Details: Roman Catholic Church, 1903-5 by Kelly & Dickie. Gothic Revival style. MATERIALS: rock-faced local stone with ashlar dressings and Welsh slate roofs. PLAN: the church is oriented E to W. It has a nave and transepts with a two span roof, and a sanctuary in the form of a three-sided apse. EXTERIOR: the church is situated on the E side of a lane leading from the main road through Willington and to its N there is a large churchyard. The E end has a three-sided apse with paired blind lancets and a pyramidal roof. The E gable rises above with a quatrefoil to the apex and a cross finial to the gable head. A single-storey vestry with a pitched roof has been added to the rear of the S transept. The three-bay nave and the transepts have round-headed windows with Gothic tracery and hood moulds alternating with stepped buttresses, and there is a continuous sill band and a chamfered plinth. The central bay of the N wall is partly infilled by a stone, lean-to stone structure with a quatrefoil motif and a stone slate roof; this represents the remains of the un-built baptistery. Attached to the SW corner of the S transept is a slender turret of four stages with a slated pyramidal roof; each stage is pierced by a narrow slit opening and the fourth stage by a louvered lancet with hood mould. The W end has an off-centre pointed arched entrance of two orders with a tympanum carved with a cinquefoil. The three stepped windows have pointed-arch heads and the tracery is of similar form to the transept windows. There is a louvered quatrefoil to the apex and a cross finial to the gable head. All windows have original leaded glass. INTERIOR: the plasterwork unifies the interior and includes a continuous band that serves as both a hoodmould to the doorways and arched openings and a sill band to the windows. All window and door openings have moulded plasterwork chamfers and stops. The sanctuary apse has a timber, boarded semi-dome and is defined by a plaster pointed-arch. Within there are three pointed-arch recesses, each housing a pair of paintings on canvas by Louis Beyaert (one to the upper arch and one to the lower arch) showing Types and Ante-types: Feeding of the Five Thousand/Moses in the Desert and Israelites collecting manna: The Crucifixion of Jesus/Abraham is prevented from killing Isaac, his son (signed by the artist and dated 1912): The Wedding at Cana/Abraham meets Melchidizek. To either side of the apse there is a tall, pointed-arch recess with that to the right flanked by a pair of shoulder-arched entrances giving entry to the vestry behind. The original free-standing pulpit remains, as do two pieces of the cut down original Gothic altar rail. There are double transepts to either side of the sanctuary defined by a short timber arcade with timber openwork to the spandrels, supported on a single, slender cast-iron fluted column emphasising their open nature. The north transept houses the Harrison & Harrison organ (1904). A door in the SW corner of the S transept gives access to an enclosed ladder stair to the turret. The nave has a high, keeled wooden roof divided into compartments by timber ribs, the compartments lined with pitch pine boards. The site of the intended, but un-built baptistery can be seen in the NW corner as a pointed-arch recess. Benches are the Belgium-made originals with tip up kneeling boards and sides decorated with quatrefoils and trefoils. Beneath the triple W windows there is a single-storey, flat-roofed, mid-C20 narthex created by extending the W entrance into the nave.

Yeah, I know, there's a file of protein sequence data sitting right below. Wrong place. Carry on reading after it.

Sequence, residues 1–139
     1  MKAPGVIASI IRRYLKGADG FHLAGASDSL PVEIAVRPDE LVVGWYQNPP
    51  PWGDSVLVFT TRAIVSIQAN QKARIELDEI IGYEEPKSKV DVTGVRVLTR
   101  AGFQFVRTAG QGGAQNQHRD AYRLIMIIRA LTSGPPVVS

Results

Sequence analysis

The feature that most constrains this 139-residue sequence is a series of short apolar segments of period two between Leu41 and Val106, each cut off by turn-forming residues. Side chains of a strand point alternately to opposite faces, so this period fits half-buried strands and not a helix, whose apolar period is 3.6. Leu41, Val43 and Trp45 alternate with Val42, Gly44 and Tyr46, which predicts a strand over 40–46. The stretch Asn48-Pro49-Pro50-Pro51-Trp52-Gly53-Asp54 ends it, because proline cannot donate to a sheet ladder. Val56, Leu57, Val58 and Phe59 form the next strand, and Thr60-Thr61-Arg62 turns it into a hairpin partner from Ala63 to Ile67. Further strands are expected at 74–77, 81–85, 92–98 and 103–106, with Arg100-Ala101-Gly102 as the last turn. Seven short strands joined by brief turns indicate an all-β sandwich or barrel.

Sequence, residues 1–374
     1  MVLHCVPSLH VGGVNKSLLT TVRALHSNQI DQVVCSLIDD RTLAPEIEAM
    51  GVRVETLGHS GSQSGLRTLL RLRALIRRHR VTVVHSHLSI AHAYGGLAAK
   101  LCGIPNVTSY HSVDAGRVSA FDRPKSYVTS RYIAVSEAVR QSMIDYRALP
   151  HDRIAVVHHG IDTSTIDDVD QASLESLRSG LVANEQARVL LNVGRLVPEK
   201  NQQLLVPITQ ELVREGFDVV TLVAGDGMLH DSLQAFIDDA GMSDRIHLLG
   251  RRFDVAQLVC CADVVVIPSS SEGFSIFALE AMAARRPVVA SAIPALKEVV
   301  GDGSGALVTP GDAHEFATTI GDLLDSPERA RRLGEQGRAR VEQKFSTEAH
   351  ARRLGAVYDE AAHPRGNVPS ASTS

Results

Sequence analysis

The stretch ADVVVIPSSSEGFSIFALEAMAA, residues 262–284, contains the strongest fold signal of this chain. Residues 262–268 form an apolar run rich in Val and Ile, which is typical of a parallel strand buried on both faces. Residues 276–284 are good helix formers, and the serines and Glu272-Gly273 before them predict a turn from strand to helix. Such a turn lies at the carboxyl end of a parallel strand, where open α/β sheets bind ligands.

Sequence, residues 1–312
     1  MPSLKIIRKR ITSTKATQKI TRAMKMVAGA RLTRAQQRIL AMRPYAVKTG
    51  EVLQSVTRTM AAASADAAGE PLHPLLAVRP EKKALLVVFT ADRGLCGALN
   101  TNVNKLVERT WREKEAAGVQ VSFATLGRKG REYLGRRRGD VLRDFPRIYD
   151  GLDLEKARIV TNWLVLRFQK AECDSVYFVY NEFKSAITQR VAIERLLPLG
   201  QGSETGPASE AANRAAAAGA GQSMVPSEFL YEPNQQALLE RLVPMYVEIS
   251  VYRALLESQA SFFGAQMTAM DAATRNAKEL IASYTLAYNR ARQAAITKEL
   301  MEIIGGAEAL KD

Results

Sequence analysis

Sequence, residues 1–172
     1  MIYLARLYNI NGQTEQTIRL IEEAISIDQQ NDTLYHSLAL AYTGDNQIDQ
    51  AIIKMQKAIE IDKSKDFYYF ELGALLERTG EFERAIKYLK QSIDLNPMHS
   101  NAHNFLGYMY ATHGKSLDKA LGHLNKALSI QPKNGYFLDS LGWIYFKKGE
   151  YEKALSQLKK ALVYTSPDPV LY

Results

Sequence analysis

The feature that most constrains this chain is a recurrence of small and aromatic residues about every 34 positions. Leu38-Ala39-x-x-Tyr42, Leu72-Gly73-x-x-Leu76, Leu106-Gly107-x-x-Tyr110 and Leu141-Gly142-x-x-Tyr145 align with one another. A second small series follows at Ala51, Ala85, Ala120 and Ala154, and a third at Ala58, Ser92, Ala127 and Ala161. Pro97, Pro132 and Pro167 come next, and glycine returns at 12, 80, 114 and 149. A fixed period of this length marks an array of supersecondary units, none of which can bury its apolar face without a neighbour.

Books and journals: Pevsner, N, Williamson, E, The Buildings of England: County Durham, (2003), 505
Websites: Dictionary of Scottish Architects, accessed 27-01-2016 from http://www.scottisharchitects.org.uk/architect_full.php?id=205095
Geneological profile, accessed 23-03-2016 from https://www.geni.com/people/Louis-Beyaert/6000000001712929680
Geneological profile, accessed 23-03-2016 from https://www.geni.com/people/Louis-Beyaert/6000000001712935130
Other: Churches in the Roman Catholic Diocese of Hexham and Newcastle: An Architectural and Historical Review; Architectural History Practice (AHP), 2012
Architect: Kelly & Dickie
Original Date: 1905
Conservation Area: No
Listed Grade: Grade II